Student Works through Adversity in Journey of Self Discovery
Editor’s note: This article is part of an occasional series designed to highlight student voices and experiences from throughout the district.
“I wish students were more respectful,” says Milo B., an eighth grader at Beaver Lake Middle School.
After being asked to name one of the biggest challenges he’s had to face as a student, that was his first response.
“I've been bullied for being transgender, queer and because of my mental health,” says Milo.
The eighth grader says he is on a journey of self-discovery and experiences anxiety.
“I used to have anxiety that was so bad that I would throw up before entering the building,” says Milo, who has had it since about the age of 5.
And while he's always had anxiety, Milo says that he and his support system have found ways to reduce it.
“The district, in terms of my mental health... has been so great about it,” he says. Milo says he’s grateful to be a part of a district that welcomes all races, cultures, disabilities and sexual orientations.
For him, it’s important that people feel welcomed in society. “People need to know that they are loved... Knowing that they’re loved makes them feel like they have a purpose,” which he says has enough impact to keep people going in the midst of challenges.
One person who has made a difference in Milo’s life is counselor Rashmika Abajian.
“She’s been my counselor for three whole years and has been so helpful and so supportive. She is the first person I go to when I need to get something off my chest.”
Abajian, who has worked at Beaver Lake for five years, says that middle school is not easy.
“It’s filled with big educational and life transitions – both socially and biologically. It’s also a major developmental period where students are trying to figure out more of what makes up their identity,” says Abajian.
As a counselor, her job is to support students throughout that journey, including moments when they may experience bullying.
“A student who has been bullied can be significantly impacted emotionally, physically and socially... When a student shares with me that they’ve experienced something that is unkind behavior, we go over all options that they have (depending on the severity – coaching on skills to navigate conflict, mediations, or writing an official incident report that admin responds to immediately) and find a way to deal with the situation.”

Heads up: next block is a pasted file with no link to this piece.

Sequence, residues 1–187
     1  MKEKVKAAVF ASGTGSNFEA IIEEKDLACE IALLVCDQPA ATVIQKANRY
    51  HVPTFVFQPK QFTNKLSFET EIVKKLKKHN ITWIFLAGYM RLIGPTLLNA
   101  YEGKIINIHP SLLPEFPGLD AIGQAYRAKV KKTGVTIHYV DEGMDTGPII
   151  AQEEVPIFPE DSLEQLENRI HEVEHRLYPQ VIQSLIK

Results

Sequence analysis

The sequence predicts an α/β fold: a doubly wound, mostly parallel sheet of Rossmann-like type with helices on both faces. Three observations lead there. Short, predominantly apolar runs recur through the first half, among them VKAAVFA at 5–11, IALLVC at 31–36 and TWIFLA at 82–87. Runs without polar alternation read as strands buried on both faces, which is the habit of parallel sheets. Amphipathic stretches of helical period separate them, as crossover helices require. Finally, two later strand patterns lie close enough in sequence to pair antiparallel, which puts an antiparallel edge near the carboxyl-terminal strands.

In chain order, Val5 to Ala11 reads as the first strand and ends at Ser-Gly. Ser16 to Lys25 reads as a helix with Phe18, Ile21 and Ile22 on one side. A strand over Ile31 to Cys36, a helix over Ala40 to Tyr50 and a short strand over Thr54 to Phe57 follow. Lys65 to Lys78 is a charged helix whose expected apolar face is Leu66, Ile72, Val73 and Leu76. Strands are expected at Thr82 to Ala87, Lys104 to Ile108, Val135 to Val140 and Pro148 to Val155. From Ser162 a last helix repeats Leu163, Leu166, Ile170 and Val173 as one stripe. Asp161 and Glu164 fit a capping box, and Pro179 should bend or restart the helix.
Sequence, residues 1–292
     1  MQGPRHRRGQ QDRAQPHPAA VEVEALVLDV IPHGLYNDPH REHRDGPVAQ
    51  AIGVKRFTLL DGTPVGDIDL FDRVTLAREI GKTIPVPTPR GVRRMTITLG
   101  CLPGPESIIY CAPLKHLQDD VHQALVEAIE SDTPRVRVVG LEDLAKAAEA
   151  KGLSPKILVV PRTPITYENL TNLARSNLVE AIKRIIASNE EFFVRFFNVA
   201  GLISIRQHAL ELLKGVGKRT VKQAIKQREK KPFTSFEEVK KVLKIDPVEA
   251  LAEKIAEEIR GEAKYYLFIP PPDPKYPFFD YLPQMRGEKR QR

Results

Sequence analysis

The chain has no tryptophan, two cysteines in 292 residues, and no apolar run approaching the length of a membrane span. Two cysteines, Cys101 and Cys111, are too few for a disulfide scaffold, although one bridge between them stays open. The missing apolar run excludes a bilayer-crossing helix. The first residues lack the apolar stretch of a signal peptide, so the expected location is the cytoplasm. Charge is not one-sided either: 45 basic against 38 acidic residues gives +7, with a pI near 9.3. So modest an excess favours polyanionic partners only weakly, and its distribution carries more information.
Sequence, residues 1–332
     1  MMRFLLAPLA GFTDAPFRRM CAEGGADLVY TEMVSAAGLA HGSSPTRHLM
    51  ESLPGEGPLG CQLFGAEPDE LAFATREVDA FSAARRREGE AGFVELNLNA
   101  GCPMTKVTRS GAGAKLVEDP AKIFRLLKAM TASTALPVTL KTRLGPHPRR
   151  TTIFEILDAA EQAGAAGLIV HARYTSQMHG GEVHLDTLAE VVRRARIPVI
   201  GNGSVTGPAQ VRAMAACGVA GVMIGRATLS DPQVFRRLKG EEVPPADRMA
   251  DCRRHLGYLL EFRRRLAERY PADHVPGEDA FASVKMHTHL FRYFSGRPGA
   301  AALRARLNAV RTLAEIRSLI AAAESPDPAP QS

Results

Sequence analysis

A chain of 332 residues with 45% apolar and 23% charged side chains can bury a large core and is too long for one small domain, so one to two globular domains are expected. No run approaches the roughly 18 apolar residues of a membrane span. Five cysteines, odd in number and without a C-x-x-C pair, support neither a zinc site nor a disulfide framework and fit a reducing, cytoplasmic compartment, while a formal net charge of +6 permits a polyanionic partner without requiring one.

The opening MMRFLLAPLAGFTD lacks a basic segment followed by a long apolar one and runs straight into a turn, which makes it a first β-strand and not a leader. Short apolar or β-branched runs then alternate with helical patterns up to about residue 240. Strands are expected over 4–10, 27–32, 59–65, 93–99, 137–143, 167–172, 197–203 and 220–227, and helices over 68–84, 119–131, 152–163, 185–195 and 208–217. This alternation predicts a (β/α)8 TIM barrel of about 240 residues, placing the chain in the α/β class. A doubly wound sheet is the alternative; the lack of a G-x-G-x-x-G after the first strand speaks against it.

One thing that Milo says he has learned about his anxiety is that it can be triggered when peers are goofing off in class, even if it isn’t directed toward him.
When this happens, he most often turns to the counseling center for relief, where Abajian helps by letting him spend time there to complete assignments, or decompress.
Milo says that understanding students’ struggles and being flexible can help them overcome obstacles.
Abajian says flexibility is also an important part of meeting students where they're at.
“We can’t expect everyone to be in the same place. Why do teachers differentiate content for students? Because we know our students, understand their needs and address those needs. You can’t always force a square peg into a round hole,” she says.
Soon, Milo will be a student at Gibson Ek High School, where he will follow his dreams of studying and practicing content creation. It will be difficult leaving Abajian behind, he says.
“It’s going to be hard... but she’s helped me get to where I am,” Milo says, and shares that he’s interested in returning to Beaver Lake Middle School as a volunteer to support other students.
“I don’t know how to thank her enough – she’s great at what she does. I love her to death,” says Milo.
The admiration is mutual. Abajian says that one thing she appreciates about the eighth grader is that despite having to navigate some of the hardships he’s experiencing, he’s still able to find passion and motivation to advocate for others who may also need support.
“He’s awesome!” she says.
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